Body Counts: A Memoir of Politics, Sex, AIDS, and Survivalby Sean Strub
Sean Strub, founder of the groundbreaking POZ magazine, producer of the hit play “The Night Larry Kramer Kissed Me,” and the first openly HIV-positive candidate for US Congress, charts his remarkable life—a story of politics and AIDS and a powerful testament to loss, hope, and survival.
Sean Strub, founder of the groundbreaking/b>/i>
Sean Strub, founder of the groundbreaking POZ magazine, producer of the hit play “The Night Larry Kramer Kissed Me,” and the first openly HIV-positive candidate for US Congress, charts his remarkable life—a story of politics and AIDS and a powerful testament to loss, hope, and survival.
Sean Strub, founder of the groundbreaking POZ magazine, producer of the hit play The Night Larry Kramer Kissed Me, and the first openly HIV-positive candidate for U.S. Congress, charts his remarkable life—a story of politics and AIDS and a powerful testament to loss, hope, and survival.
As a politics-obsessed Georgetown freshman, Sean Strub arrived in Washington, D.C., from Iowa in 1976, with a plum part-time job running a Senate elevator in the U.S. Capitol. He also harbored a terrifying secret: his attraction to men. As Strub explored the capital’s political and social circles, he discovered a parallel world where powerful men lived double lives shrouded in shame.
When the AIDS epidemic hit in the early 1980s, Strub was living in New York and soon found himself attending “more funerals than birthday parties.” Scared and angry, he turned to radical activism to combat discrimination and demand research. Strub takes readers through his own diagnosis and inside ACT UP, the activist organization that transformed a stigmatized cause into one of the defining political movements of our time.
From the New York of Studio 54 and Andy Warhol’s Factory to the intersection of politics and burgeoning LGBT and AIDS movements, Strub’s story crackles with history. He recounts his role in shocking AIDS demonstrations at St. Patrick’s Cathedral and the home of U.S. Senator Jesse Helms. Body Counts is a vivid portrait of a tumultuous era, with an astonishing cast of characters, including Tennessee Williams, Gore Vidal, Keith Haring, Bill Clinton, and Yoko Ono.
By the time a new class of drugs transformed the epidemic in 1996, Strub was emaciated and covered with Kaposi’s sarcoma lesions, the scarlet letter of AIDS. He was among the fortunate who returned, Lazaruslike, from the brink of death.
Strub has written a vital, inspiring memoir, unprecedented in scope, about this deeply important period of American history.
Radicalized by the AIDS crisis and plunged into political activism for the LGBT community, Iowa-born Catholic-raised Strub chronicles the crucial years of AIDS awareness since the early 1980s, which parallels his own coming-of-age. As a protégé of Iowa senator Dick Clarke, Strub, then a teenager, worked as an elevator operator at the U.S. Capitol between 1976 and 1978; naïf, a virgin, attending Georgetown University, he gradually frequented “the Block” for gay cruising in Georgetown, resigned to closeted, secretive meetings with other men, yet reveling in the attention and friendship. A move to New York City introduced him to bathhouses, like the New St. Marks, and a growing political awareness, such as in gay marches and parades; dropping out of Columbia, Strub took his first political job in the Kentucky Democratic committee, and by June 1981, recognized he shared some of the same symptoms as the men mysteriously dying of a “gay cancer” first noticed by Dr. Joseph Sonnabend, writing frequently in the New York Native. Strub frankly and openly speaks about these painful and inspiring early years of the gay and lesbian movement, how the AIDS epidemic devastated the newly emergent community and ushered in a terrible backlash against gays. (Jan.)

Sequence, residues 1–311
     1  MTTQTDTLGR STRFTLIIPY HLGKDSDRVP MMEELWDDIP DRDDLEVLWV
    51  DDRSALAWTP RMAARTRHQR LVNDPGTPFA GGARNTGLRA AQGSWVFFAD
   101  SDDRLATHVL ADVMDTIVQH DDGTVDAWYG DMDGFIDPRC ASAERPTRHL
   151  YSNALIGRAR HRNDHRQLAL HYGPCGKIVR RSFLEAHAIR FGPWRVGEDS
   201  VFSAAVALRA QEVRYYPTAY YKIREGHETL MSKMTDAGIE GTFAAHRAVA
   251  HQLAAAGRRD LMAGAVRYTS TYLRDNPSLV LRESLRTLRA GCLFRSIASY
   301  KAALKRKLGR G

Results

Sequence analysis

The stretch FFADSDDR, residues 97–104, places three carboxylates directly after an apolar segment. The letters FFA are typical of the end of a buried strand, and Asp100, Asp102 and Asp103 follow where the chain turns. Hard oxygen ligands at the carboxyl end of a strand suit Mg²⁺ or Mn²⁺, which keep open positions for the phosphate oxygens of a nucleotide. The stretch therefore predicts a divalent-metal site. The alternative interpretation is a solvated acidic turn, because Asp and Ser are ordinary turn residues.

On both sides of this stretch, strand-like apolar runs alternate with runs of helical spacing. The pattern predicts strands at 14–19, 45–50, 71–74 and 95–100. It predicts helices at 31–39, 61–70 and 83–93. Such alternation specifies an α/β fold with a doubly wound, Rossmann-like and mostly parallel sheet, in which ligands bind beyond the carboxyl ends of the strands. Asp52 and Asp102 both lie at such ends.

A prominent activist and publisher ties his personal journey into the epochal events that have shaped the last 35 years of LGBT rights and AIDS education. Even growing up as a closeted Catholic Midwesterner, Strub knew that his gift for initiating progressive political change would someday bring him to Washington, D.C. Although he spent the late 1970s meeting congressional movers and shakers via his job as a Senate elevator operator, he soon realized that New York City provided a more congenial atmosphere for a young gay man beginning to explore and advocate on behalf of his sexuality. Strub paints a striking picture of the grittiness and exuberance of the Big Apple at this time, when the city was reveling in the last hurrahs of freedom that encompassed discos, singles bars and bathhouses. Amid all the revelry, however, disquieting references to a "gay cancer" began appearing, and sexually active gay men began to find suspicious lesions on their bodies. At first, Strub writes, many in the gay community chose to ignore or dismiss these signs; however, in 1982, an article written by two men who had contracted what came to be known as AIDS sparked controversy by linking the disease to the unfettered sexual activity that had characterized the post-Stonewall years. Well aware of the devastating effects of AIDS on so many Americans, the Reagan and Clinton administrations nevertheless neglected to provide the support or fund the research that might have slowed the epidemic. Thus began an intense effort on the parts of Strub and other activists to promote safer sex, demand access to treatment and give hope to those diagnosed with HIV. The author achieved the latter by founding POZ magazine in 1994 and later, after protease inhibitors halted the progression of his own disease, by creating the Sero Project to empower those who have been criminalized for having HIV. A valuable document that gives an insider's view into AIDS activism and declares that compassion can mean just as much as cure.